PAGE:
Do I own the copyright in my employee's work?
Section 35(6) of the Copyright Act provides that:
"Where a literary, dramatic or artistic work … is made by the author in pursuance of the terms of his or her employment by another person under a contract of service or apprenticeship, that other person is the owner of any copyright subsisting in the work …"
The question is whether the copyright work is made under a contract of service.
This issue was addressed in EdSonic Pty Ltd v Cassidy  FCA 1008.
Ms Barbara Cassidy worked with Mr Robin Lick of EdSonic Pty Ltd to adapt teaching materials Barbara had previously developed into online materials. Barbara was given shares in EdSonic and paid royalties from sales to develop the online materials.
Barbara was offered a contract with the Property Council of Australia to produce educational materials (‘the PCA materials’).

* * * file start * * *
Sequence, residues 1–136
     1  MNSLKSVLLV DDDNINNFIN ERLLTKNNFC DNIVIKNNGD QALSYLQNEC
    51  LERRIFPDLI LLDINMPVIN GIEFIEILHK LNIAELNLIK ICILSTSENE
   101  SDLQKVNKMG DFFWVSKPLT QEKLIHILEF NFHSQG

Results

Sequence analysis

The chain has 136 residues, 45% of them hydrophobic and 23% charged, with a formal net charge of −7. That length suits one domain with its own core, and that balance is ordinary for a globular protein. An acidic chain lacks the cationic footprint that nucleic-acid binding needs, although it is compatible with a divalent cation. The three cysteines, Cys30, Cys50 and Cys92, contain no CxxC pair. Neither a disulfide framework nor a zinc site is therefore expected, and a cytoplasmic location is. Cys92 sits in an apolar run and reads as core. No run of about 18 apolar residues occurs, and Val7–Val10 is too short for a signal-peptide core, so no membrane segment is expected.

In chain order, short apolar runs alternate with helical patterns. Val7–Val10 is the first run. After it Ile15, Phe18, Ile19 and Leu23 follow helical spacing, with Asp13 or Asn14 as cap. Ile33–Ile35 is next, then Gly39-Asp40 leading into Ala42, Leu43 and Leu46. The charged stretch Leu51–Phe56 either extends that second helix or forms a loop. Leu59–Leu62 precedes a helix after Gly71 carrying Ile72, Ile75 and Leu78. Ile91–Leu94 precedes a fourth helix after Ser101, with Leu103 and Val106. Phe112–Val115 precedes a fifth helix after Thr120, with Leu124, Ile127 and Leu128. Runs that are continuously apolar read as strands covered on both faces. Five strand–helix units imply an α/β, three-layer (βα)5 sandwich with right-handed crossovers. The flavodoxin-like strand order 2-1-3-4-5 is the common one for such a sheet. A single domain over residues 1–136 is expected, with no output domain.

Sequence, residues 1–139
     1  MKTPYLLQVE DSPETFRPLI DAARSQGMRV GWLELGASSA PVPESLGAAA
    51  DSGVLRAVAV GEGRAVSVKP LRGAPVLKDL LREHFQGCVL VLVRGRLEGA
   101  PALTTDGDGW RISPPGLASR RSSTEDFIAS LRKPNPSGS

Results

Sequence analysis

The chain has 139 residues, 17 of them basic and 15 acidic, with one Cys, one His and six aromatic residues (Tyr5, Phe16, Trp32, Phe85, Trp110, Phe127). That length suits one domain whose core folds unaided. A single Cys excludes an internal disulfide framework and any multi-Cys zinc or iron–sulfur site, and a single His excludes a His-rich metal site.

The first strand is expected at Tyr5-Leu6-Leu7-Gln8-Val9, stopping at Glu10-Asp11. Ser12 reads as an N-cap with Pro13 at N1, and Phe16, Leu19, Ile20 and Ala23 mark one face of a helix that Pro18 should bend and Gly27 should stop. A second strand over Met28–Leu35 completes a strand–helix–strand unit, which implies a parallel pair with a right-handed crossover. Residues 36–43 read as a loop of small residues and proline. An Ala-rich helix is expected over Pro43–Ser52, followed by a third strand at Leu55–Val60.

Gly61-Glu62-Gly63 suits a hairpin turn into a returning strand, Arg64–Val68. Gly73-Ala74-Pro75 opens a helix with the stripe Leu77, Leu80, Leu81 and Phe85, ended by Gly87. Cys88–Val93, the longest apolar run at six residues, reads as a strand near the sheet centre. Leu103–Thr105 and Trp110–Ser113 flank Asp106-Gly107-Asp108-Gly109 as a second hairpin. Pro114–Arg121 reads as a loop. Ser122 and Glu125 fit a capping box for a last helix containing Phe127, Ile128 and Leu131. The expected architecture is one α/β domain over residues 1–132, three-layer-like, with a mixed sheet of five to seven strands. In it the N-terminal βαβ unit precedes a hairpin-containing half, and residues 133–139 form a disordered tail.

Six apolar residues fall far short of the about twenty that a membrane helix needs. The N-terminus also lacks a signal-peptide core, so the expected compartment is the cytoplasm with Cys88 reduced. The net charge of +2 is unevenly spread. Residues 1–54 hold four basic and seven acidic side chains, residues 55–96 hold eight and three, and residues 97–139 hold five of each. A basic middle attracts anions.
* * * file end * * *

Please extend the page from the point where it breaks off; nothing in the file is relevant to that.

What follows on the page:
Barbara got EdSonic to enter a contract with the Property Council of Australia on her behalf. EdSonic then employed Barbara to develop the PCA materials.
Robin and Barbara had a falling out and Rick claimed ownership of the online materials Barbara had developed.
Rick claimed that Barbara was an employee of the company when she developed the online materials.
The judge held that: "the central question was not whether the author of a work was employed by the party claiming copyright at the time of creation, but instead whether the author made the work “because the contract of employment expressly, or impliedly required or least authorised the work to be made.”
The judge found that Barbara's employment contract with Rick was limited to the development of the PCA materials, and did not include the online materials. Barbara was found to own the online materials.